10. Alan Whitehead is an Australian Steiner teacher who wrote a series of books to help parents create their own Waldorf-Inspired homeschool. It’s not a complete curriculum but it willl help you create one. He’s more on the esoteric side than other resources but has some amazing ideas. His books are worth tracking down if you prefer the DIY approach to curriculum. I’m including the entire Spiritual Syllabus here as my 10th book recommendation

Who Was Rudolf Steiner?

  1. The Waldorf method was developed by Rudolf Steiner in the earlier part of the 20th Century
  2. Steiner was an Austrian born philosopher and social reformer
  3. He studied maths and science at university and then took a job publishing the scientific works of Goethe.
  4. While Steiner never spoke about using his method in a homeschool environment, he did work as a private in-home tutor at one point.
  5. Rudolf Steiner left the path of a traditional scholar to become the General Secretary of the Theosophical Society in Germany but he later broke away to develop his own philosophy
  6. This philosophy is know as anthroposophy and is the base that the Waldorf school method is built upon
  7. Steiner didn’t just start the Waldorf school movement. His philosophy is also the basis for anthroposophical medicine, anthroposophical architecture and biodynamic farming
  8. His wife, Marie, helped him to develop some of the more artistic elements of Waldorf, such as eurythmy.
  9. He continued to work as a lecturer throughout his entire life and opened the first school in 1919
  10. Steiner died in 1925, 6 years after the formation of the first Waldorf school

What is Anthroposophy?

  1. Anthroposophy is the underlying foundation of the Waldorf method, but many homeschoolers and even some Waldorf teachers, are not anthroposophists. You can find out how to reconcile these two seemingly opposing viewpoints here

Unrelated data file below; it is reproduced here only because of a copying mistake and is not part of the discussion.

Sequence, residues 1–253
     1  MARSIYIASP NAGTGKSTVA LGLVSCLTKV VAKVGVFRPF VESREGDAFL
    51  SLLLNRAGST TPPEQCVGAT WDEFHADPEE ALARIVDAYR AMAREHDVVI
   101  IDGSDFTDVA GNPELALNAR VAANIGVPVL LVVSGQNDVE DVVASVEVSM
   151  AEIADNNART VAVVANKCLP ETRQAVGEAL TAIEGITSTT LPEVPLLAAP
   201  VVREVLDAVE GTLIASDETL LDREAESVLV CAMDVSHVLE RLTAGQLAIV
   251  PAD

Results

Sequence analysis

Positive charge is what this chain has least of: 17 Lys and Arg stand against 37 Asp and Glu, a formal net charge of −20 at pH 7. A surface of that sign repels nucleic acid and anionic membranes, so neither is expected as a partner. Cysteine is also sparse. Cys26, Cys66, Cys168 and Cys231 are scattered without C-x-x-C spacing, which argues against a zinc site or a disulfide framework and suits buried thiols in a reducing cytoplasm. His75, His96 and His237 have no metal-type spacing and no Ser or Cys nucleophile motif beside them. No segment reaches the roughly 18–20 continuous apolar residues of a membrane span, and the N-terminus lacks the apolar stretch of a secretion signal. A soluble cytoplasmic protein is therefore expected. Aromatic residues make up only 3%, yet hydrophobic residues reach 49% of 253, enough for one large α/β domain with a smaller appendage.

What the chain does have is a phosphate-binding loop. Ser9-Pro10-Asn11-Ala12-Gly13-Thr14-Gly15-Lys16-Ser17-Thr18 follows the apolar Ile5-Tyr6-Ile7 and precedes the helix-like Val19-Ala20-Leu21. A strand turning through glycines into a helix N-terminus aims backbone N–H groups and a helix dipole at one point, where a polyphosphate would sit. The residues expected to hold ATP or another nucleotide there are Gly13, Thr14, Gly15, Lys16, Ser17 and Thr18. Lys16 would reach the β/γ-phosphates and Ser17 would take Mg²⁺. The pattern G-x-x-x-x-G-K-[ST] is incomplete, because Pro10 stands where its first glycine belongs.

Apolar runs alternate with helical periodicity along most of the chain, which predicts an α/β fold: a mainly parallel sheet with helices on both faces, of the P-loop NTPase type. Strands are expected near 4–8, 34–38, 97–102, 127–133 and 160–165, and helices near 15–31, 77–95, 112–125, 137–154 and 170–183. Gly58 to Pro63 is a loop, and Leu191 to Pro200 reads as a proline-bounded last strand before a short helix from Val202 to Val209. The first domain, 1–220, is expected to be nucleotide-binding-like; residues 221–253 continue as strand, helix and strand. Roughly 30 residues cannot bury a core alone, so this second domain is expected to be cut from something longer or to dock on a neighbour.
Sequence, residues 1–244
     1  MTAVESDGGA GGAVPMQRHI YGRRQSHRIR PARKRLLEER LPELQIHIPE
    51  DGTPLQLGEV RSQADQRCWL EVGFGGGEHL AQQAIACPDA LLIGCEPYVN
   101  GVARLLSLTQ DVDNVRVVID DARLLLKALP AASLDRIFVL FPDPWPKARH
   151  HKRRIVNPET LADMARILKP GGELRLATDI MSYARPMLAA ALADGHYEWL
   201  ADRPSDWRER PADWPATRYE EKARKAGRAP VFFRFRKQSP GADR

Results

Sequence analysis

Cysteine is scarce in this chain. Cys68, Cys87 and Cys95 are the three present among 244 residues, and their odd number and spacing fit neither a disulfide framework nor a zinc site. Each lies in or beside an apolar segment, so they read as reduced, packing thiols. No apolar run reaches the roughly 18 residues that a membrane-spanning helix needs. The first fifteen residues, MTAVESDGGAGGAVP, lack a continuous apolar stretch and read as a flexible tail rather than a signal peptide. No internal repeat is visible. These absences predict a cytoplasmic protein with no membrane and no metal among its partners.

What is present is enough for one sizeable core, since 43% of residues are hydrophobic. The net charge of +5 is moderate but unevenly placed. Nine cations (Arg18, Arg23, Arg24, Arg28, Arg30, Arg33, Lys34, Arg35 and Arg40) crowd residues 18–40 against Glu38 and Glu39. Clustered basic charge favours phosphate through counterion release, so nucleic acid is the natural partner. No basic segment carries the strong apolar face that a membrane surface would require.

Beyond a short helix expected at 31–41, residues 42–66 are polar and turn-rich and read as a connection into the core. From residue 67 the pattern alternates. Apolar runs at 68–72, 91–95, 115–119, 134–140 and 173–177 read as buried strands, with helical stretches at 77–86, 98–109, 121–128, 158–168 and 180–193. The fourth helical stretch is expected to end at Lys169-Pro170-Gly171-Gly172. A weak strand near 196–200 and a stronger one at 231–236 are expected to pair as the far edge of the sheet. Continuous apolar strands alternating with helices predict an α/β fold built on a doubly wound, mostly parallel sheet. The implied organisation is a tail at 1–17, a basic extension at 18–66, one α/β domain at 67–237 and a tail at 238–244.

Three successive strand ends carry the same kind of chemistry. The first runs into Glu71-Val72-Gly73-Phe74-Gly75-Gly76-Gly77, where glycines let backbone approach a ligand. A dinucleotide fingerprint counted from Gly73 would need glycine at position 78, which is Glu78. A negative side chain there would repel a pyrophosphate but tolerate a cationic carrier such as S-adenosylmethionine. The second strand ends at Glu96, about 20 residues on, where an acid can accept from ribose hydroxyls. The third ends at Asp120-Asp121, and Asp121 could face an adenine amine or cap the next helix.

2. Anthroposophy is Steiner’s attempt to reconcile science and spirituality
  3. Because of this, it is also known as Spiritual Science
  4. Anthroposphy is meant to guide the teacher, but it is never meant to be taught to the child in school
  5. If you want to find out more about anthroposophy take a look at this website

A few more things to know before you go...

  1. Story is the vehicle through which new information is brought to the child. Get used to telling stories now!
  2. The keys to remember are rhythm and to teach head, heart and hands.
  3. You can do Waldorf without all the fancy and expensive materials. Don’t be put off by thinking it’s too expensive for you. There are Waldorf schools in third world countries and I don’t think they are shelling out for the German brands 😉
  4. Steiner opened the first school after giving 2 weeks of lectures to his new teachers. That’s it. So don’t feel like you need to know everything before you can begin. Just get in there!
  5. Not everyone who chooses Waldorf-Inspired homeschooling stays true to all of the guidelines. No one here is going to tell you you have to. Whatever you choose to do should be meaningful to you. Some people even combine Waldorf and Montessori, Waldorf and Unschooling or Waldorf and Charlotte Mason. I fall firmly into the last camp so if you love Waldorf and Charlotte Mason, stick around!


More 100 Homeschool Thins listsClick on the big purple box to see other posts from some amazing homeschool bloggers.








About Kirstee @ This Whole Home

Wife, mama, intentional homemaker. I blog about suburban homesteading, homeschooling and homemaking at www.thiswholehome.com

2 thoughts on “100 Things To Know About Waldorf Inspired Homeschooling

  1. Thanks so much for this informative list! It looks like the perfect place to start for home educating newbies like myself that are interested in the Waldorf approach. Much appreciated…